Approximately 1,440 of the 7,272 eligible individuals have tested positive for SARS-CoV-2 infection. The average age of the 1,440 study participants was 2 years, with 801 males and 639 females participating in the population. A total of 388 subjects were tested for VoC, resulting in the identification of 158 Alpha, 177 Delta, and 46 Omicron VOCs, along with one beta and six gamma VOCs. Associated respiratory viruses are more commonly detected in children with delta. Of the 998 participants who were asked about their children’s COVID-19 vaccination status, 80 were vaccinated with one dose, 816 were not, and 102 were unsure.

Individually, cough, fever, and runny nose were the most common symptoms. Individuals diagnosed with the virus are often shown with the original type Stomach ache, anosmia, aging, and myalgia. Individuals with Alpha had the least sleepiness, conjunctivitis, mouth changes, sore throat, and runny nose. Individuals with Delta usually present with cough, conjunctivitis, and upper respiratory symptoms, while those with Omicron usually experience drowsiness, fever, and shortness of breath. Individuals with the alpha variant reported the fewest symptoms overall. Only 85 of the 237 infected individuals reported at least seven symptoms.

Delta and Omicron infections were associated with cough and fever according to the multivariate model. Omicron infection was associated with lower respiratory tract symptoms in addition to systemic symptoms, whereas delta infection was associated with upper respiratory tract symptoms. In addition, the musculoskeletal symptoms were more closely associated with the virus of the original type than with the other sounds. Age or loss of smell, as well as skin rashes or oral changes, have been associated with infection due to the alpha and Omicron strains to a lesser extent than the original type.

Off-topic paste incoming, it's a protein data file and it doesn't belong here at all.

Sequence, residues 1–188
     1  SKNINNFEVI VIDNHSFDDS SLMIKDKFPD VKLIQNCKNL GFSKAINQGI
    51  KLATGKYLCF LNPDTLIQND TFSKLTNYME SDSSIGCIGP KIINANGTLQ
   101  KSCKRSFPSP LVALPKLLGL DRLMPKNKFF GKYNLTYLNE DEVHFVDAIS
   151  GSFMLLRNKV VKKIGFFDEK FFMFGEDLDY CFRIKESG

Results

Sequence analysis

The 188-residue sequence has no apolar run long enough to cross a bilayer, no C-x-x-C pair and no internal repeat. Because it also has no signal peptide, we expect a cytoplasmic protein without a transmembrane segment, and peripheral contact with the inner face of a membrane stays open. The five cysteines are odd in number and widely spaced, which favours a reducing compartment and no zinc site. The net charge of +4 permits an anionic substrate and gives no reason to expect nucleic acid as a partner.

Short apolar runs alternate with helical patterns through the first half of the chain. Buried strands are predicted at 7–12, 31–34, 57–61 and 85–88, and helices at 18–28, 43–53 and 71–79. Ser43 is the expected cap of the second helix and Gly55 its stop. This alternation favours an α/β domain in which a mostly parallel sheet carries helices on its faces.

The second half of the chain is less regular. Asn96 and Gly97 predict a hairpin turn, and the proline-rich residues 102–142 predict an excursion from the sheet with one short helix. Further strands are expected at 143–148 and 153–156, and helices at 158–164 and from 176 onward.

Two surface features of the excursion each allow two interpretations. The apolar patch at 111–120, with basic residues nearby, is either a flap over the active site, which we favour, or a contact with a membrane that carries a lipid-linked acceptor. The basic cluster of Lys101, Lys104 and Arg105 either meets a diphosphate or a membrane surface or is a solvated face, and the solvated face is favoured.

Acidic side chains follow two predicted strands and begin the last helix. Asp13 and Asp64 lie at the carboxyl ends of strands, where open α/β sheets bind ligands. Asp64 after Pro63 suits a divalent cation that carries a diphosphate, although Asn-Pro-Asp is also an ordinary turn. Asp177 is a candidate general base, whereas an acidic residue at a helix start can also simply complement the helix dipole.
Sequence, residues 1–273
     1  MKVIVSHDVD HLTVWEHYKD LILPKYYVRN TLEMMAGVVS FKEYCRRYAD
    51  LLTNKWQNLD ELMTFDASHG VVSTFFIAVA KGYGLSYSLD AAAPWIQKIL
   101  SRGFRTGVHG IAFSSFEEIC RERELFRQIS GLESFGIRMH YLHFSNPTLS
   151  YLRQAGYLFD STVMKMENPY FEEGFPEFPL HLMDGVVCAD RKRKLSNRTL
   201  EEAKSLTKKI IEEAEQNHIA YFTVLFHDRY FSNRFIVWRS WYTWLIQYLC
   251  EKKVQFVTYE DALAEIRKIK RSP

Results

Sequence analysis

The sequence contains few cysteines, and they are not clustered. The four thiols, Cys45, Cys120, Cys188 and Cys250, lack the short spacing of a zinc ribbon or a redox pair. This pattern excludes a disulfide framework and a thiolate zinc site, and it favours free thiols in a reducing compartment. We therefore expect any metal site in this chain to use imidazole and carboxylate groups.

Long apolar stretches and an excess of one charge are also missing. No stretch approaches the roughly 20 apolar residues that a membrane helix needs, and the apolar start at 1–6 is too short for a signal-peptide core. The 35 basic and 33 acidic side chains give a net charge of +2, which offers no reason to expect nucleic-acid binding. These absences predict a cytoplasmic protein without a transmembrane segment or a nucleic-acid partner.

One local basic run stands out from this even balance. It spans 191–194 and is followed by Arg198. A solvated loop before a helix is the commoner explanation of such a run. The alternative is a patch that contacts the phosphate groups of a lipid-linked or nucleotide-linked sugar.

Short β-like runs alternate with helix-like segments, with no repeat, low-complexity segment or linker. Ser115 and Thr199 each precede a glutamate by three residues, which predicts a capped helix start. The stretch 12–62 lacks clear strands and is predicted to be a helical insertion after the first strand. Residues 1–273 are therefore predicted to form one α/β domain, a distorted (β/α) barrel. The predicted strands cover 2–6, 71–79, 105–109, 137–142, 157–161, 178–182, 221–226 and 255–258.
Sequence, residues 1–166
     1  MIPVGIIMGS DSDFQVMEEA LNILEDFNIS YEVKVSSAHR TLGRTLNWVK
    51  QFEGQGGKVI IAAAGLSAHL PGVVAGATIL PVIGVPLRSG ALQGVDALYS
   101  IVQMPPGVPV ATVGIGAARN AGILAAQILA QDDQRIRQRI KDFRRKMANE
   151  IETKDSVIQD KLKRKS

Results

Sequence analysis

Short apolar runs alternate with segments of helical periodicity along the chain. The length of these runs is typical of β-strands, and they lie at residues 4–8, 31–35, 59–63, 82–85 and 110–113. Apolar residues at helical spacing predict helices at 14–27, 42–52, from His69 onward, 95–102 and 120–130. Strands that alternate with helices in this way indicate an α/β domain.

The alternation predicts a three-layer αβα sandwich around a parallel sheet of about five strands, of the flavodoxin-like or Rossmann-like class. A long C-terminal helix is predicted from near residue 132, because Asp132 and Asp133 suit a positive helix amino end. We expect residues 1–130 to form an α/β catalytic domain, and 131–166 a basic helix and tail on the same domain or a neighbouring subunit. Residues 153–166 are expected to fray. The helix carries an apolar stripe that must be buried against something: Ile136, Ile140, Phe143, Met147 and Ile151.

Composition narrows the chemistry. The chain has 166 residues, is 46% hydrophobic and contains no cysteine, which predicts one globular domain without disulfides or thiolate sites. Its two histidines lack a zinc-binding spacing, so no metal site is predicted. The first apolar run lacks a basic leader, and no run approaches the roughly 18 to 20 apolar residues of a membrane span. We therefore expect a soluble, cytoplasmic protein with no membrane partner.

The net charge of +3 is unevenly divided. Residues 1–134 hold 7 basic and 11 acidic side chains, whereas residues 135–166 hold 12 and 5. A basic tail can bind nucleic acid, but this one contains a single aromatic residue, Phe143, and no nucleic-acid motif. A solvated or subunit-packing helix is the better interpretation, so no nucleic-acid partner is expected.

The majority of study participants reported basic COVID-19 symptoms. These symptoms were more common among people with Omicron and less common among those with Omicron. Compared with patients with Alpha and Delta VOCs, Omicron patients were more likely to have chest radiography and to receive intravenous fluids.

Children with Omicron were more likely to be prescribed corticosteroids than those with various other infections. In addition, people with Omicron disease were more likely to visit EDs than those with Delta infection. In total, 164 children were hospitalized, and nine were admitted to the intensive care unit, with no difference between the two groups.


The results of the study showed that children with SARS-CoV-2 Omicron VOC were more likely to have fever, systemic signs, and lower respiratory symptoms than those with earlier variants.

These results emphasized the importance of maintaining vigilance in changing clinical manifestations and evaluating patients when clinically necessary. Notably, although the symptom onset characteristics of COVID-19 changed with the evolution of SARS-CoV-2, the proportion of pediatric COVID-19 patients who tested negative remained constant, in contrast to adults.